Can reducing search and contracting frictions increase business collaborations and improve firm performance? In January 2021, we will conduct an RCT in Ghana on a sample of 2000 female entrepreneurs of SMEs. We will investigate the effects of an online matching service combined with access to legal information and advisory services on collaborations, firm innovation and performance. In this presentation, we will present statistics from our baseline survey and discuss next steps for the implementation of the intervention.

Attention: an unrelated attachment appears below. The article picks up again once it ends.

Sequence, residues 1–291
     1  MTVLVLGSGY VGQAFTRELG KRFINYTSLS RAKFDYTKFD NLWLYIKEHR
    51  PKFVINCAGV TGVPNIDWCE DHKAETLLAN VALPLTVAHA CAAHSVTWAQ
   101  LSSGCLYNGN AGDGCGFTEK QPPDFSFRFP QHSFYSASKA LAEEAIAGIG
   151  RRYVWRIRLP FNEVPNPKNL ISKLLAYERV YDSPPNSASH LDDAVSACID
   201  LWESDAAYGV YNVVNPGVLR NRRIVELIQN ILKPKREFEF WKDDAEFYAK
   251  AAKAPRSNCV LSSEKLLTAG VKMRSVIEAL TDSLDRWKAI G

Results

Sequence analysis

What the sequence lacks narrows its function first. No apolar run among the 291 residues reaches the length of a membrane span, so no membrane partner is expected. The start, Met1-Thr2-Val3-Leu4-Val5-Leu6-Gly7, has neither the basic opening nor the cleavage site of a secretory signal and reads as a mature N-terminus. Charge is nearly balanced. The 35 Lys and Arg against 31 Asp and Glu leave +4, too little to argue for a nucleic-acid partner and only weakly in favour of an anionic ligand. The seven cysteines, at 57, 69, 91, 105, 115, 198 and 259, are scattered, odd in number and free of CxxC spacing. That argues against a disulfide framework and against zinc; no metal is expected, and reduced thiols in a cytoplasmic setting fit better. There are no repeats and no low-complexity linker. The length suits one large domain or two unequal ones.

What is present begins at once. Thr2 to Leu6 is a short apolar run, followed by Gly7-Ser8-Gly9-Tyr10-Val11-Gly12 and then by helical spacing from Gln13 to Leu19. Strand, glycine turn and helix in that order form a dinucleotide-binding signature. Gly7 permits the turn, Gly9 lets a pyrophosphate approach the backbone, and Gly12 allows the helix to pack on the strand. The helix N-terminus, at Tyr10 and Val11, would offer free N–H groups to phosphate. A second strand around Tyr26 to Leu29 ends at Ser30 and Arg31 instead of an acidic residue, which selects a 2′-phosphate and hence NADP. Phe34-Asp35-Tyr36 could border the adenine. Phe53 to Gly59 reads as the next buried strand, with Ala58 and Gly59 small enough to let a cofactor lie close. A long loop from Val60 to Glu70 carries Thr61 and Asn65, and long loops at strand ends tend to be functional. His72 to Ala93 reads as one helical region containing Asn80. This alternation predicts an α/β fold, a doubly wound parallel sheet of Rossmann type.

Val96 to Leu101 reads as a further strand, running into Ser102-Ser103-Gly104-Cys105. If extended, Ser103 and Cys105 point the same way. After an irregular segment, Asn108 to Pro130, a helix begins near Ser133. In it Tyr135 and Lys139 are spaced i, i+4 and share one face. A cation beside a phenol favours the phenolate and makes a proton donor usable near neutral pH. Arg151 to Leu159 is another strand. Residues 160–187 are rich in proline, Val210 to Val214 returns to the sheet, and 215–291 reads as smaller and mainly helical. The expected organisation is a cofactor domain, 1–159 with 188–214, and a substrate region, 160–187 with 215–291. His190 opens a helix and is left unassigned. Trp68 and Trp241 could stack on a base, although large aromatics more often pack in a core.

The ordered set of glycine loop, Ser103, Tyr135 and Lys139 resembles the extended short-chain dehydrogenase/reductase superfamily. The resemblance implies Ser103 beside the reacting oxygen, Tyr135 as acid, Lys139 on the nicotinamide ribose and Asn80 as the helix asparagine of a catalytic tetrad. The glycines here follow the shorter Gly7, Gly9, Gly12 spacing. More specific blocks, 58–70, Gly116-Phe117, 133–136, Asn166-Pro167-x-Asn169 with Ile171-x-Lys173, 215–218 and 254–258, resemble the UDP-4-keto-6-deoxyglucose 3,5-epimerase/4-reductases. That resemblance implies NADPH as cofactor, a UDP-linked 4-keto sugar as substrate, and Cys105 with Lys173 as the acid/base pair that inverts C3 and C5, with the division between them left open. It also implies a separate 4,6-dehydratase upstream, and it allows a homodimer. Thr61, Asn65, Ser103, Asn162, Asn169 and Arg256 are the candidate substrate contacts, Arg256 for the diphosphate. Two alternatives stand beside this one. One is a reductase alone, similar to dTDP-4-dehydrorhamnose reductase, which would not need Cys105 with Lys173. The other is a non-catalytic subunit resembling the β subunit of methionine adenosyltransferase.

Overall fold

December 2 2020

1:00-2:00pm

Online

Development Economics Lunch Seminar

Speaker:
Kensuke Maeba

Title: Public School Teachers and Political Connection in India

Abstract:
This project studies the effects of former-school-teacher state legislative assembly members on public elementary education in India. Former-teacher politicians serve as one of the main channels through which public school teachers exercise their political power in order to protect their privileges. We show how this translates into school-level education outcomes, by exploiting close elections won/lost by school teacher candidates. In the presentation, we will talk about the reduced form results and provide suggestive evidence on the underlying mechanisms. 

November 18 2020

1:00-2:00pm

Online

Development Economics Lunch Seminar 

Speaker: Joris Mueller

Title: China's Outward Foreign Aid and Domestic Strategic Motives